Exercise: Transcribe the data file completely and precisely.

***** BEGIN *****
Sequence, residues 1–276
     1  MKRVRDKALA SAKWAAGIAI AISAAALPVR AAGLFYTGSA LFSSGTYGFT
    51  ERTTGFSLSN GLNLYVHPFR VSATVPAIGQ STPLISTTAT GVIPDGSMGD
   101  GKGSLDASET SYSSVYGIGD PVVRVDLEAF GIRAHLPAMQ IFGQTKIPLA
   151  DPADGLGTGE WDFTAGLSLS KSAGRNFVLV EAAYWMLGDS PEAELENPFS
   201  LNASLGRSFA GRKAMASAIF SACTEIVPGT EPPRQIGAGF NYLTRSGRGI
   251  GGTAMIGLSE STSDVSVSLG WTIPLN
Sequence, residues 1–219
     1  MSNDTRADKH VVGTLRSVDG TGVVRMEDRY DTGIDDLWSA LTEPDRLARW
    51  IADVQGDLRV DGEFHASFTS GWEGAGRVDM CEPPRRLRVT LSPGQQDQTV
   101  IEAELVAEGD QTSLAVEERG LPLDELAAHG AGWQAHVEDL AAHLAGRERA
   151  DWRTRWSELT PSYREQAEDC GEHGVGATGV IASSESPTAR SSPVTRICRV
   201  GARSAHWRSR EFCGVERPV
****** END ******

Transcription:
Sequence, residues 1–276
     1  MKRVRDKALA SAKWAAGIAI AISAAALPVR AAGLFYTGSA LFSSGTYGFT
    51  ERTTGFSLSN GLNLYVHPFR VSATVPAIGQ STPLISTTAT GVIPDGSMGD
   101  GKGSLDASET SYSSVYGIGD PVVRVDLEAF GIRAHLPAMQ IFGQTKIPLA
   151  DPADGLGTGE WDFTAGLSLS KSAGRNFVLV EAAYWMLGDS PEAELENPFS
   201  LNASLGRSFA GRKAMASAIF SACTEIVPGT EPPRQIGAGF NYLTRSGRGI
   251  GGTAMIGLSE STSDVSVSLG WTIPLN
Sequence, residues 1–219
     1  MSNDTRADKH VVGTLRSVDG TGVVRMEDRY DTGIDDLWSA LTEPDRLARW
    51  IADVQGDLRV DGEFHASFTS GWEGAGRVDM CEPPRRLRVT LSPGQQDQTV
   101  IEAELVAEGD QTSLAVEERG LPLDELAAHG AGWQAHVEDL AAHLAGRERA
   151  DWRTRWSELT PSYREQAEDC GEHGVGATGV IASSESPTAR SSPVTRICRV
   201  GARSAHWRSR EFCGVERPV